J
OHN
M
C
N
EIL
(Commander), SEAL team commander

J
AKE
H
ARRISON
(Lieutenant), SEAL platoon officer-in-charge

UNDERSEA RESCUE COMMAND

N
ED
S
TEEL
(Commander), Commanding Officer

P
ETER
T
ARBOTTOM
, lead contractor for Phoenix International

ARCTIC SUBMARINE LABORATORY

V
ANCE
V
ERBECK
, technical director

P
AUL
L
EONE
, ice pilot

RUSSIAN FEDERATION ADMINISTRATION

Y
URI
K
ALININ
, president

B
ORIS
C
HERNOV
, minister of defense

RUSSIAN FLEET COMMANDERS

G
EORGIY
I
VANOV
(Fleet Admiral), Commander-in-Chief, Russian Navy

O
LEG
L
IPOVSKY
(Admiral), Commander, Northern Fleet

K-535
YURY DOLGORUKY
  
(BOREI CLASS BALLISTIC MISSILE SUBMARINE)

N
ICHOLAI
S
TEPANOV
(Captain First Rank), Commanding Officer

K-157
VEPR
  (AKULA II CLASS NUCLEAR ATTACK SUBMARINE)

M
ATVEY
B
ACZEWSKI
(Captain Second Rank), Commanding Officer

K-329
SEVERODVINSK
  (YASEN CLASS NUCLEAR ATTACK SUBMARINE)

J
OSEF
B
UFFANOV
(Captain Second Rank), Commanding Officer

ICE CAMP BARNEO /
MIKHAIL RUDNITSKY

J
ULIUS
R
AILA
, Chief of Search and Rescue Services

POLAR SPETSNAZ UNIT

J
OSEF
K
LOKOV
(Captain First Rank), Commanding Officer

G
LEB
L
EONOV
(Captain Second Rank), Executive Officer

 

PROLOGUE

USS
MICHIGAN
—BARENTS SEA

“Torpedo in the water, bearing two-five-zero!”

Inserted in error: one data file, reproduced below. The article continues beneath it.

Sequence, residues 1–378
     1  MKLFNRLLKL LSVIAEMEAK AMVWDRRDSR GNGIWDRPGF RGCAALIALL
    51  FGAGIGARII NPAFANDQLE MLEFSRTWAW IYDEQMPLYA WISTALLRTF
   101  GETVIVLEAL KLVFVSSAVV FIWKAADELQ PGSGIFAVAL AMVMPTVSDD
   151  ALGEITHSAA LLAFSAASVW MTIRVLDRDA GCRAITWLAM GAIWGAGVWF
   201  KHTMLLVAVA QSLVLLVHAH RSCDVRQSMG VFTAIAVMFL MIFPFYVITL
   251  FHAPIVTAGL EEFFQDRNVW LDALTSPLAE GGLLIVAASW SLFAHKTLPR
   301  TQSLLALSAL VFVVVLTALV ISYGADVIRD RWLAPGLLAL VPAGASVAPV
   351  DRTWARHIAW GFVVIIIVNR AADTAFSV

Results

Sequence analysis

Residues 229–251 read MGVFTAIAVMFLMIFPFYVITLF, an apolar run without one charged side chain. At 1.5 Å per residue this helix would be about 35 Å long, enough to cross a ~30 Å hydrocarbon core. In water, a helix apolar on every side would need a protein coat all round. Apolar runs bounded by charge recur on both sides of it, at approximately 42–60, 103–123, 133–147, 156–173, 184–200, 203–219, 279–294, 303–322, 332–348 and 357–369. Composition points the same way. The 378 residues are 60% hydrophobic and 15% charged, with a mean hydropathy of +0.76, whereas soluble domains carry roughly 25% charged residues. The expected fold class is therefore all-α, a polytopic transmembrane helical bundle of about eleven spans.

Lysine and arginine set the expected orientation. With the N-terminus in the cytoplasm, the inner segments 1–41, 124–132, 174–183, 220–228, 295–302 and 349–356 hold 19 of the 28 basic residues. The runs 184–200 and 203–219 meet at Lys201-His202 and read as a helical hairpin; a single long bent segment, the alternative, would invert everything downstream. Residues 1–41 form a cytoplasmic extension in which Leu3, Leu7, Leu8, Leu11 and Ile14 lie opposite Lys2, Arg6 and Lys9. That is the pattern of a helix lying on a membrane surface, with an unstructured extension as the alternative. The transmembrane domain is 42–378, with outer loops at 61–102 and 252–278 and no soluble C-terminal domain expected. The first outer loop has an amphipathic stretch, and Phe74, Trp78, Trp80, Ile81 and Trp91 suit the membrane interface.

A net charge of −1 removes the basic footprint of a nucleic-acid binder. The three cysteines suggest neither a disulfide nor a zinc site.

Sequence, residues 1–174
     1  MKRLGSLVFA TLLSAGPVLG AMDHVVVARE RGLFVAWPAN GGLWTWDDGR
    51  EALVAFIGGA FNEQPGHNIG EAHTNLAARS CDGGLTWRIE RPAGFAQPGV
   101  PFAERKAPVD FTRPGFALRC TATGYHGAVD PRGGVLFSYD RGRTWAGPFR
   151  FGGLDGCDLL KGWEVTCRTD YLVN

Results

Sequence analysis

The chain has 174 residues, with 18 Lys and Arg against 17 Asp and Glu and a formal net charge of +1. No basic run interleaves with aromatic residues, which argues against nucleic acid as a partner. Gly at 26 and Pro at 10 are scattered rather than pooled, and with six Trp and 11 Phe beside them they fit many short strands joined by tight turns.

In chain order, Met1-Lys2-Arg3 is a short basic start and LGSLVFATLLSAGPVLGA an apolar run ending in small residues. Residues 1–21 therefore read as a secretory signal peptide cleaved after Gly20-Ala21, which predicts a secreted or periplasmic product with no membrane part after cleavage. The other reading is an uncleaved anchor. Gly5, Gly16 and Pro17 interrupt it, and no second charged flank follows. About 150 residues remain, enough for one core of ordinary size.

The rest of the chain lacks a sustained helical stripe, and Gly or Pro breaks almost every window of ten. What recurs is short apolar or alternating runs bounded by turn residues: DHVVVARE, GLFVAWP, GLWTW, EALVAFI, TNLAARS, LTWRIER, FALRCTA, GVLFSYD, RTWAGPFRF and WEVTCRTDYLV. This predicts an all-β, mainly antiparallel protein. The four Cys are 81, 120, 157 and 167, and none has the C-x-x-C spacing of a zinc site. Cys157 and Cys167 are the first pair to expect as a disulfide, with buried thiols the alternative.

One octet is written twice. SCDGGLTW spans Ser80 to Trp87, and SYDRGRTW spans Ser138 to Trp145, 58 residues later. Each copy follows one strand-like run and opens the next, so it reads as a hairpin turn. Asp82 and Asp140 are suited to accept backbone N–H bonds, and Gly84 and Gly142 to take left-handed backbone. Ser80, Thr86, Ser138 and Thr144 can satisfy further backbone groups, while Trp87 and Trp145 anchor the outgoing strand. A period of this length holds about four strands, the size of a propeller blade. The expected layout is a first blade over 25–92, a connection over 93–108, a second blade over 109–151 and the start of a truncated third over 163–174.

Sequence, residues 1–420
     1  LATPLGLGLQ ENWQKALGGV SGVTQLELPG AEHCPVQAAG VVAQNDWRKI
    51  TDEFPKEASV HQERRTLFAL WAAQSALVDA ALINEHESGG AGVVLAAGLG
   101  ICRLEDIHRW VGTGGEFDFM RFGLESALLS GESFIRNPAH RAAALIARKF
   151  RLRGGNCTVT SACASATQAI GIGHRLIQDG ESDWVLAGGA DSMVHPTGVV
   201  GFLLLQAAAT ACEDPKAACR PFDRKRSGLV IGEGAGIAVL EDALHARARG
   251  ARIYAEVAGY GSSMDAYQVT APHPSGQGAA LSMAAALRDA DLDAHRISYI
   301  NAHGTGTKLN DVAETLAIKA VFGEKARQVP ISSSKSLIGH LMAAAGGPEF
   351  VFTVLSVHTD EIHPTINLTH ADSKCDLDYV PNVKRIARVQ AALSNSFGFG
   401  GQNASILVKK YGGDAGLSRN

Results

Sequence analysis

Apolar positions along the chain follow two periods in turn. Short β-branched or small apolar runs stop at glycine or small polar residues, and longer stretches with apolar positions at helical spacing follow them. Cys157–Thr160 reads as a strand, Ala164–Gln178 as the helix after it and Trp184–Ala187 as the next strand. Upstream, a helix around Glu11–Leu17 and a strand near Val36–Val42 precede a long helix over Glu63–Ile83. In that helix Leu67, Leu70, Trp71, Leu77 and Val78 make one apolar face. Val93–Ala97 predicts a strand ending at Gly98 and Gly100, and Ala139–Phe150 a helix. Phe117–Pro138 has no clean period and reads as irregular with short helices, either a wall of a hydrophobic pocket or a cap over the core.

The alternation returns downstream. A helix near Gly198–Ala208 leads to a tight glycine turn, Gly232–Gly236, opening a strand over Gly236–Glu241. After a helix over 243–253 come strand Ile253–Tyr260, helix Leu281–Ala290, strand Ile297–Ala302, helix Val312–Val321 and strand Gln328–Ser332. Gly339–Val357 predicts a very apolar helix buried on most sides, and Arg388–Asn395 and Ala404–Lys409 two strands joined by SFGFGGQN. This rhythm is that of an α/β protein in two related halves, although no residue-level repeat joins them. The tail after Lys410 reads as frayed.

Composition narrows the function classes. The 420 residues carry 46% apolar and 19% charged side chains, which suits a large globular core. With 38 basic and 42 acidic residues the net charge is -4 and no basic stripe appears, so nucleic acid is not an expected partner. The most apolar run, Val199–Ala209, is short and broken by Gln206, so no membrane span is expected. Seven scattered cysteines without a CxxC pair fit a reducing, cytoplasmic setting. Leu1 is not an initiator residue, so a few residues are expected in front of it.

Captain Murray Wilson acknowledged Sonar’s report, then examined the geographic display on the nearest combat control console. A red bearing line appeared, radiating from Sierra eight-five, forty degrees off the port bow. He needed to turn away.

“Helm, ahead flank. Right full rudder, steady course three-four-zero. Launch countermeasure.”

The Helm rang up ahead flank and twisted his yoke to right full, and the Officer of the Deck launched one of
Michigan
’s decoys. Wilson turned his attention to getting a torpedo into the water. His crew was still at Firing Point Procedures, but his Executive Officer hadn’t determined an adequate target solution. With
Michigan
increasing to ahead flank, they would likely lose Sierra eight-five due to the turbulent flow of water across
Michigan
’s sensors. They needed to launch a torpedo soon.

Wilson stepped from the Conn and stopped beside his Executive Officer, examining all three consoles. With the frequent maneuvering by both submarines, the target solutions were all over the place, failing to converge on a similar course, speed, and range. As Wilson evaluated his options, he was interrupted by another announcement by the Sonar Supervisor.

“Torpedo in the water, bearing two-four-five!”

A purple bearing line appeared on the geographic display. Their adversary had launched a second torpedo. Wilson responded immediately.

“Check fire. Quick Reaction Firing, Sierra eight-five, tube One.”

Wilson canceled their normal torpedo firing process, implementing a more urgent version that forced his Executive Officer to send his best solution to the torpedo immediately.